High School Sweethearts for Life

A smile tugged at his lips as he quickly walked – though it was more of a light jog – to the mailbox across the street. There wasn’t any wind but Kirk Rundle could feel the air rush past him and through his hair. He fumbled with the key before pushing it into the lock, and taking a deep breath. Swiftly, he opened the door and peered inside.


There, was the letter from the girl he’d met in high school, Kathleen, who would later become his wife.


He remembered seeing how much his teacher picked on her back then. “She was so shy that she made an easy target,” Rundle said. Eventually the teacher had “crossed the line,” and Rundle found himself courageously standing up for her. The rest of the students pivoted around in their chairs, and the teacher was forced to stay silent.


Later they met again at a party, and that was when the two began to know each other.  They talked and laughed, and talked some more, and eventually started dating.


The letters came in when Rundle had to move to Arizona from New Jersey, and agreed to keep in touch.


“We stayed friends and dated other people. Long distance relationships are hard,” Rundle said. He didn’t want to hold her back and felt that the struggle of being with someone who was across the country was unnecessary, if there could be a chance that there was someone else right for them.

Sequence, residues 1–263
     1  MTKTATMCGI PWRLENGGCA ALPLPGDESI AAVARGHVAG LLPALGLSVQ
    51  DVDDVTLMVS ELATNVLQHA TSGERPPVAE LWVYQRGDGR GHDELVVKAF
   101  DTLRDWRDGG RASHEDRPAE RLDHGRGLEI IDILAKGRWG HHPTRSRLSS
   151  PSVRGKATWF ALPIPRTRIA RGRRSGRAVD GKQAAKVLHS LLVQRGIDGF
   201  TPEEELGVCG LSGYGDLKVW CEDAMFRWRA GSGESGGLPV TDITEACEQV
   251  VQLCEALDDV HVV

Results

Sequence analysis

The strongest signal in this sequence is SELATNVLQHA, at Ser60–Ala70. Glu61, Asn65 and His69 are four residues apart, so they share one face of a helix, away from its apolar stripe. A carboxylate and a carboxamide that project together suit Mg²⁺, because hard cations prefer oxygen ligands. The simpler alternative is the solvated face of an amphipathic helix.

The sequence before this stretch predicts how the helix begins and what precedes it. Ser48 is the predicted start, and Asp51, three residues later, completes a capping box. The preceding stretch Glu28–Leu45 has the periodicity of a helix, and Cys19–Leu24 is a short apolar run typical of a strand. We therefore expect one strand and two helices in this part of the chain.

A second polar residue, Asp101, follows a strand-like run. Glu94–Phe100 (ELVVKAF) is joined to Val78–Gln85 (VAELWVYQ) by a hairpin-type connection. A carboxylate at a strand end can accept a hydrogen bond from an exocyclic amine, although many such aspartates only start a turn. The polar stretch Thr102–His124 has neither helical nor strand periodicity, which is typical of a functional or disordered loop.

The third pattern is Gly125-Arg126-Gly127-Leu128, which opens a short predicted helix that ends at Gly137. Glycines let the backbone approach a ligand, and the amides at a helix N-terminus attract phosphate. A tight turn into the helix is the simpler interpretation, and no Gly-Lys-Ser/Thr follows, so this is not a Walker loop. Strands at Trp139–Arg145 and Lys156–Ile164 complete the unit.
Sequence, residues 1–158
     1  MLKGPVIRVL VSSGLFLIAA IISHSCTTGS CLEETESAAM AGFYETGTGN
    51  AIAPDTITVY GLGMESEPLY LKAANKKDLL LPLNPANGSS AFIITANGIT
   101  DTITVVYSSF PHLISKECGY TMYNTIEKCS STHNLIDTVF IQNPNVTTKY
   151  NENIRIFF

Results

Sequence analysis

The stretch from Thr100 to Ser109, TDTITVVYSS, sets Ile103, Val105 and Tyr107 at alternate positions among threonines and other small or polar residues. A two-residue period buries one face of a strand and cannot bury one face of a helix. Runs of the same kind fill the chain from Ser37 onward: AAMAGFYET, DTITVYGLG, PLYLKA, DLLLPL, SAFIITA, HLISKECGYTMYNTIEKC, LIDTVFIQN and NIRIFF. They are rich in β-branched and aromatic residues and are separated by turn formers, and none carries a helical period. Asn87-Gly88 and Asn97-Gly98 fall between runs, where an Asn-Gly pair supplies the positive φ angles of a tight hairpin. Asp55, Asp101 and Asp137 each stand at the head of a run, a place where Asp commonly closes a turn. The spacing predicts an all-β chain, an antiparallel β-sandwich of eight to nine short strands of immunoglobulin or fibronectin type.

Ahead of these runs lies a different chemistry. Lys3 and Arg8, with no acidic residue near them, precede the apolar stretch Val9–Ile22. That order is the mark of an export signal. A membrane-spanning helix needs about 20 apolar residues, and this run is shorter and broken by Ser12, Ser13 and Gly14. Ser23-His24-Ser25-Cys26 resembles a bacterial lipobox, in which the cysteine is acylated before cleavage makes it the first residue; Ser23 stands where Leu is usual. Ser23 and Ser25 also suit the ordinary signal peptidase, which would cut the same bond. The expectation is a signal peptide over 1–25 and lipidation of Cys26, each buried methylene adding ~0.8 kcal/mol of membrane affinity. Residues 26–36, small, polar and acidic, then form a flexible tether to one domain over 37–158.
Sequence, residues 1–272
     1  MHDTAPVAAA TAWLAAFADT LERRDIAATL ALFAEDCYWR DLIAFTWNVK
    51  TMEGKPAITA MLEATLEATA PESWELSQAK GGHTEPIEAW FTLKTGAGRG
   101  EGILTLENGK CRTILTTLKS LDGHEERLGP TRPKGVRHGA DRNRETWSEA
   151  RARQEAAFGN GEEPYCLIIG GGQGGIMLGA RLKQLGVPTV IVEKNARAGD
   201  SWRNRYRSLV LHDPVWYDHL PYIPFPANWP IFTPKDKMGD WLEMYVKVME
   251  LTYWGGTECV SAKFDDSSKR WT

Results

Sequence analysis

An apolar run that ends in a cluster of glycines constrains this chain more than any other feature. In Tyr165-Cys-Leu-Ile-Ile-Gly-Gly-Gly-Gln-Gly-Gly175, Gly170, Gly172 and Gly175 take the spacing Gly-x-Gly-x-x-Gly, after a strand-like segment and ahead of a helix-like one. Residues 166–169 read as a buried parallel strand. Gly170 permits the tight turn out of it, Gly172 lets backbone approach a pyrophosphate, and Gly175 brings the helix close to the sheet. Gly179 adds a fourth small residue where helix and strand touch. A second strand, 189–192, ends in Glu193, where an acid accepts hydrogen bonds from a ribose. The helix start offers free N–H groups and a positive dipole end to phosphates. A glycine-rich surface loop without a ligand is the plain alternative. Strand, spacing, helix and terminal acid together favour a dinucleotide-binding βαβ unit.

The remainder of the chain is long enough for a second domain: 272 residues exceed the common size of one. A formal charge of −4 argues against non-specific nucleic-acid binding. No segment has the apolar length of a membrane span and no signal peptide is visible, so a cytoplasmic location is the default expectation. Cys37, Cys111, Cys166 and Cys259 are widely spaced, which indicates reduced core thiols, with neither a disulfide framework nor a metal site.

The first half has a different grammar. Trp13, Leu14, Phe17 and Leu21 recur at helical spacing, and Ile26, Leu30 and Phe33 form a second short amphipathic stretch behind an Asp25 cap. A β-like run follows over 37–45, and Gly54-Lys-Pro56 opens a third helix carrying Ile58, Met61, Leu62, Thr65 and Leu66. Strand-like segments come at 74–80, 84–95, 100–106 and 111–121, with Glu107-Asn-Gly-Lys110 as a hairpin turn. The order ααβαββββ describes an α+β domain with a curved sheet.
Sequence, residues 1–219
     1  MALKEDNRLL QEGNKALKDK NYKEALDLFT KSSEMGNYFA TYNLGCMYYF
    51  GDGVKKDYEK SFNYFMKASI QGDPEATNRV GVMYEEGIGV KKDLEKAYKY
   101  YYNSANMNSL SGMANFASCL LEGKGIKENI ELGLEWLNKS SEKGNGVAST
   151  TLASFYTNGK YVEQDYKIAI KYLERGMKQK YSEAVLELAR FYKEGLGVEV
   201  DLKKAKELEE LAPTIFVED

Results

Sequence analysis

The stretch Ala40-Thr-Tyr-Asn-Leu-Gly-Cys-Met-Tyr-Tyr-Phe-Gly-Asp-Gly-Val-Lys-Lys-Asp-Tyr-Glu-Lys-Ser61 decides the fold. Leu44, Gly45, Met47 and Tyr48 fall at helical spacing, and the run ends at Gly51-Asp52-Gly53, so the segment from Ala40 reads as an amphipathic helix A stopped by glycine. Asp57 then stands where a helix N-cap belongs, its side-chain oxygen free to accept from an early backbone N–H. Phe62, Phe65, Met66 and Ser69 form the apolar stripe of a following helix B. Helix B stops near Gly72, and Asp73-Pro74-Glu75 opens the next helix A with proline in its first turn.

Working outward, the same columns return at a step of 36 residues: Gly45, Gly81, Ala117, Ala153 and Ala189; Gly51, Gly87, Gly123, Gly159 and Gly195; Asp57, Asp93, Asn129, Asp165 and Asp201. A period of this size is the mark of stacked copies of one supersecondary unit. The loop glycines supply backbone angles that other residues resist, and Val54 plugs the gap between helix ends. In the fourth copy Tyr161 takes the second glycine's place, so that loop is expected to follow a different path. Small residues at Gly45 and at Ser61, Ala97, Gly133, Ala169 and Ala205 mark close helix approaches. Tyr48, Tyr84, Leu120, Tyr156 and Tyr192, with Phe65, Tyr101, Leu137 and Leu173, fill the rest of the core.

Adrian Alcaraz

Despite so, both their hearts were only completed with each other’s.


“We stayed in touch and sent letters back and forth throughout the rest of high school as well as college, before she moved over to Arizona to finish her degree,” Rundle said.


“She was going to a two year college but needed a four year degree, so she was going to have to switch schools anyways.” He explained. “She taught for 35 years, special needs.”


So the two continued to date until they found that they were compatible enough to get married.


“Of course, we fought, but we’d always make sure to talk it out. We never would sleep on an argument, and Kathleen is really good about things like that.” Rundle said. Because they were able to talk through any arguments, the two stayed happily married for 37 years.


Kathleen slowly opened up around him and learned to be more assertive around him, as she was originally shy and timid. They’ve grown comfortable with each other throughout the years and learned the in’s and out’s of both their sides.


Now they’re grandparents who’ve gotten to tell their story to their children and their children’s children, on.


“We’re still in love, but it’s a different type of love. You’ve made a commitment and your vows stay for life.” Rundle said, explaining the reason why both him and Kathleen remain together. It’s not the fluttery feeling of fresh teenage love, but a warmer one of comfort and understanding.


“I love her, and I’m very glad I stood up for her that day in high school.”